A lot was made of the goto fail; issue on multiple Apple platforms, some of it disappointingly ill informed, especially in the comment sections.
goto is evil, you see. Possibly even eve-yil. Except it isn't, at least not always. There is a perfectly acceptable C idiom when goto is a good choice.
Unfortunately we have been told that goto is considered harmful, which is a wonderfully understated way of saying you can go catastrophically wrong when abusing it. And that is true, you can write some horrific code with a poor use of goto, but read on and you'll see why speaking in absolutes may also be considered harmful (well, sometimes.)
In C you have no garbage collection, auto pointers or automatic reference counting unless you implement it yourself. In C you will probably end up with quite a lot of dynamically allocated memory, which needs to be cleaned up in case of an error. There are a few ways to do this, but the cleanest one uses goto.
Really? Do tell
Take for example the following code
This is a partial rewrite of Apple's SSL code with the gotos taken out. In case of every error we have to free the hash context. If we forget to do it we are introducing potential memory leaks. It's a lot of repetitive code and pretty horrible to look at. Not only that but many people subscribe to the belief that you should have one exit point in a function and all those returns are poor form. I think there's a lot to be said for that.
In fact the SSLEncodeRSAKeyParams function in the same SSL code uses this approach. It's a mess of multiple exit points and clumsy clean up. (In reality the big issue with the Apple code isn't to do with a single goto, it's how absolutely god-awful the code is.)
So lets try that again and invert the conditions to only execute in case of a positive result
Stop! Stop! Stop! Stopstopstopstop. Ok, that was a silly idea. To paraphrase Peter Venkman, no sane person would stack code like this. A nested hell of if statements (and madness) this way lies.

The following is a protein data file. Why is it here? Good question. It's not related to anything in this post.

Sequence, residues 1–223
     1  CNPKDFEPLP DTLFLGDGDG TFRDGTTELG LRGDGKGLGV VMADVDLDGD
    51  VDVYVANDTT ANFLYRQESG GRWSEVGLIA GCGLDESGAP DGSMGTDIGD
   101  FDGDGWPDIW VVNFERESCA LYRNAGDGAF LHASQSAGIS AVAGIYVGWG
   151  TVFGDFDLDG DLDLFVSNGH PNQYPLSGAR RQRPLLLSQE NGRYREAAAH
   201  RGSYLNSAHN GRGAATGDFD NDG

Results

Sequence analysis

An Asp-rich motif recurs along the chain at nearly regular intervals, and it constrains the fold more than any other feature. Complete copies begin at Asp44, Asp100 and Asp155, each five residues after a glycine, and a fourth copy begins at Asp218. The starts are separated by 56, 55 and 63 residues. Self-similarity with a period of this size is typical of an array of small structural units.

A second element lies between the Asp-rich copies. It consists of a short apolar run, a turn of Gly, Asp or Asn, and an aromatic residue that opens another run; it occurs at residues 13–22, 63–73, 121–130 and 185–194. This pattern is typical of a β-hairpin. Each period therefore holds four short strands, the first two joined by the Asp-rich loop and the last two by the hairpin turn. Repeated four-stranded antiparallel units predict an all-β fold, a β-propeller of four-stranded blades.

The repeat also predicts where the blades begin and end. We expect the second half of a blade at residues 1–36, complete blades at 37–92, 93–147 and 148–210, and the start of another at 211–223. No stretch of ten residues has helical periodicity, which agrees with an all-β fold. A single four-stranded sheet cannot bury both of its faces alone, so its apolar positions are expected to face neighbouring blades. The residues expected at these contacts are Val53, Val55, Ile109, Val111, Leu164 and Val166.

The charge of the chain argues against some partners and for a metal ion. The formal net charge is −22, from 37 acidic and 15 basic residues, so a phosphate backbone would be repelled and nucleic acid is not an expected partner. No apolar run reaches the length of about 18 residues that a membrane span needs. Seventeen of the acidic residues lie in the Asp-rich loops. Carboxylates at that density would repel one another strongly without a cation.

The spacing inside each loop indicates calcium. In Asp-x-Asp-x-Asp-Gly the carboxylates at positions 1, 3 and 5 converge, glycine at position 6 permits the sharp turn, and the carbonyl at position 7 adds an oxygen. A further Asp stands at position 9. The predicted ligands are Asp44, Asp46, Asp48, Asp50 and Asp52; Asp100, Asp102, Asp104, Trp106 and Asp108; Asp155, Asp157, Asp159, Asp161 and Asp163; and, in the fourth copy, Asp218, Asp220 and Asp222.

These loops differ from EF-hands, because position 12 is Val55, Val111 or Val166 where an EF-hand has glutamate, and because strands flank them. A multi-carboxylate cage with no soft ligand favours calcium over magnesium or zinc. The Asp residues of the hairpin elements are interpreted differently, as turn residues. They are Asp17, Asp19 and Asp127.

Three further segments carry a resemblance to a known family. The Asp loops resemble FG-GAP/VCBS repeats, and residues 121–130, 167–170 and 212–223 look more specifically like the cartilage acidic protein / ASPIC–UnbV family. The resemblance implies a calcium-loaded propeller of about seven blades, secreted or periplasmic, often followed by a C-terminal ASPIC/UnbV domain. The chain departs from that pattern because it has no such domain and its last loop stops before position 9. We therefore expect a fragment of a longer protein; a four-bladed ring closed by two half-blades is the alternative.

Once more, lets bring the conditions together
You know what, this could work. It's more concise, but only for this particular code. There will be other code where this is not possible. E.g.
It's not possible to treat this function in a similar way to the last. So what do we do? The C solution is simple, when you encounter an error you set the return value and go to the end of your function to clean up any memory that was allocated.
Some people online got so worked up about this code being used in case of a failure spectacularly failed to understand the cleanup code executes at the end of the function regardless of whether there was a failure or not. A lot of the ill informed commentary on goto fail; may even have been avoided if Apple used end: or cleanup: as the goto label.
Definitive proof of evil
Another aspect of the goto fail; outcry was that it was taken as proof that, even if goto might not always be harmful, it should never be used just in case. Because that would have made sure the error in the SSL server authentication code would never happen, right? This is also incorrect, check out this code
I've just effectively made the same copy and paste error as in the SSL code, without resorting to a goto.
Finally, lets talk braces. Braces would have solved this issue. Really?
Now, really? The assumption many make is that the braces would have had the two goto fail; lines in the same scope, but who knows. Possibly for a cut and paste of the same line twice, but not necessarily for a code merge gone wrong.
So what could have found this? Off the top of my head: better compiler flags, code coverage tools, code reviews and better tests. If you have code that checks for bad certificates, then for the love of all that is holy have a test that provides your code a bad certificate. goto isn't harmful, cutting corners is.